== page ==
It’s always remarkable to learn someone was responsible for delivering more than $10 million in cost savings, spearheading a new global distribution model or driving a startup’s exponential growth. It’s even more notable when you learn those are the achievements of some young professionals named winners in the Thomasnet and Institute for Supply Chain Management (ISM) 30 Under 30 Rising Supply Chain Stars Recognition Program.


“These young professionals are leading by example for a new generation in the procurement field by demonstrating the huge accomplishments possible,” says Mark Holst-Knudsen, president, Thomasnet. “They are true role models for how Millennials are paving a new path in supply chain management.”


Founded in 2014, the 30 under 30 Rising Supply Chain Stars program recognizes individuals whose leadership and achievements are particularly noteworthy. ThomasNet and ISM strive to reach other Millennials who would thrive in supply chain management and procurement careers by honoring outstanding professionals who are 30 and younger, and who not only lead successful careers, but also are passionate, innovative and demonstrate leadership qualities.


The organizations hope that the honorees will serve as role models and inspire other Millennials to build supply chain management careers. This becomes increasingly important as Baby Boomers who dominate the industry retire and leave more jobs open than can be readily filled. Millennials are expected to comprise 75 percent of global employees by 2025, so it is imperative to recruit them and promote the industry.


“Our new best and brightest stars are ahead of the curve in recognizing supply chain as a natural fit for their expertise and values,” says ISM Chief Executive Officer Tom Derry. “Applying their leadership skills, technical know-how and passion for making a difference, they are helping revitalize the industry in tangible, far-reaching ways.”


This year’s Megawatt Winner is Amy Georgi, 30, a program manager in supply chain acquisitions and integrations with Fluke Electronics, a Danaher Company, based in York, Pennsylvania. Among her prominent achievements was the recent re-sourcing of 91 percent of the components to Fluke’s preferred suppliers within 90 days without causing disruptions to manufacturing, which is a new company record.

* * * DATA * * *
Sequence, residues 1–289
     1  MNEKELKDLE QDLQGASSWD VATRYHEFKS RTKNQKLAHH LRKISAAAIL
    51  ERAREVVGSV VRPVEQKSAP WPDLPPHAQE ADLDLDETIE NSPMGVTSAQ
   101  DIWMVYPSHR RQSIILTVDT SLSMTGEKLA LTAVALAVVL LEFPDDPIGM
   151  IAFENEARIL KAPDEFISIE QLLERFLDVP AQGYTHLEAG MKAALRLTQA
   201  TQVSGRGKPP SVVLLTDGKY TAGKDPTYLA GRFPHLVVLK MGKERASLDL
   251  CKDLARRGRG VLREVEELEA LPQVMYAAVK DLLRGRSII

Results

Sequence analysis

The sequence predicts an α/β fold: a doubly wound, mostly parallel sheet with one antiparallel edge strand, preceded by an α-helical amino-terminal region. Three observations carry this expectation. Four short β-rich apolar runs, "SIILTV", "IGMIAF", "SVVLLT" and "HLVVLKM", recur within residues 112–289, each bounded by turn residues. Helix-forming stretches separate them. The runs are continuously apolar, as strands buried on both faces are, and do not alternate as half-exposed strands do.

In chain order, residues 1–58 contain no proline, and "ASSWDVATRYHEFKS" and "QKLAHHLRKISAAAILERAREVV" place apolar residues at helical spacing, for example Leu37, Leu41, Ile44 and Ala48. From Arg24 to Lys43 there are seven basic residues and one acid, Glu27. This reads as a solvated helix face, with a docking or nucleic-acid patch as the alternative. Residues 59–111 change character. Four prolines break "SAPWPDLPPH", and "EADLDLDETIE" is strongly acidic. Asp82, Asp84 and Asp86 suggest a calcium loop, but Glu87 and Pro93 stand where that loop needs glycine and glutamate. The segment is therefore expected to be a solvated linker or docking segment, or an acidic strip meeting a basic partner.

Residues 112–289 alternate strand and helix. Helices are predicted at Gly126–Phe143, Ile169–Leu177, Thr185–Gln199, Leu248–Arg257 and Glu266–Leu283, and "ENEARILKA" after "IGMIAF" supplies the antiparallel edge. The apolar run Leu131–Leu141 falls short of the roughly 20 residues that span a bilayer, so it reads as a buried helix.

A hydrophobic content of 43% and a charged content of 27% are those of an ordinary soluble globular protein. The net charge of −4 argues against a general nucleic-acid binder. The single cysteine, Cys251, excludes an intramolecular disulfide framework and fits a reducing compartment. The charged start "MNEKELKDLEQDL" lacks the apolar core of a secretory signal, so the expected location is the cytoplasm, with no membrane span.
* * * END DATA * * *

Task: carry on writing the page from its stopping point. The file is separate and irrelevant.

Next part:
With an average age of 27, the 2016 supply chain superstars span industries such as manufacturing, medical devices, information technology, oil and gas, and government. Many are driving improvement in areas that matter to them and benefit society, such as sustainability. Some of their accomplishments include identifying opportunities to automate processes to help shippers move products more effectively, improving supply chain inefficiencies through better data analysis, reducing transportation costs by offering greater transparency of global volumes and costs, and introducing new processes for improving inventory management.


I also find it interesting that the common denominator among the group is a professed passion for the profession and commitment to making a difference in their companies and communities. For instance, all of this year’s winners volunteer for causes outside of work. Mentoring is also popular—program winners are involved in mentoring peers both inside and outside their companies.


What are your thoughts on the 30 Under 30 program? Do you have some superstar Millennials where you work who are passionate about their job and display a commitment to making a difference both at work and in the community?